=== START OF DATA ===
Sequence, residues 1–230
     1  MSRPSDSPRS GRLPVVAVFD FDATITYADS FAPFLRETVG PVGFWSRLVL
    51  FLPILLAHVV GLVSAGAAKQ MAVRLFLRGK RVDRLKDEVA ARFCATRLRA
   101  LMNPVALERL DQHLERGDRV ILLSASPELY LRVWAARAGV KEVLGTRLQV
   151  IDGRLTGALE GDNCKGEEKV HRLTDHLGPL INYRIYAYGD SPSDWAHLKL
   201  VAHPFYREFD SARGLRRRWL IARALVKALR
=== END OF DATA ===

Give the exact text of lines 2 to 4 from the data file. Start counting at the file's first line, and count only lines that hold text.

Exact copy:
     1  MSRPSDSPRS GRLPVVAVFD FDATITYADS FAPFLRETVG PVGFWSRLVL
    51  FLPILLAHVV GLVSAGAAKQ MAVRLFLRGK RVDRLKDEVA ARFCATRLRA
   101  LMNPVALERL DQHLERGDRV ILLSASPELY LRVWAARAGV KEVLGTRLQV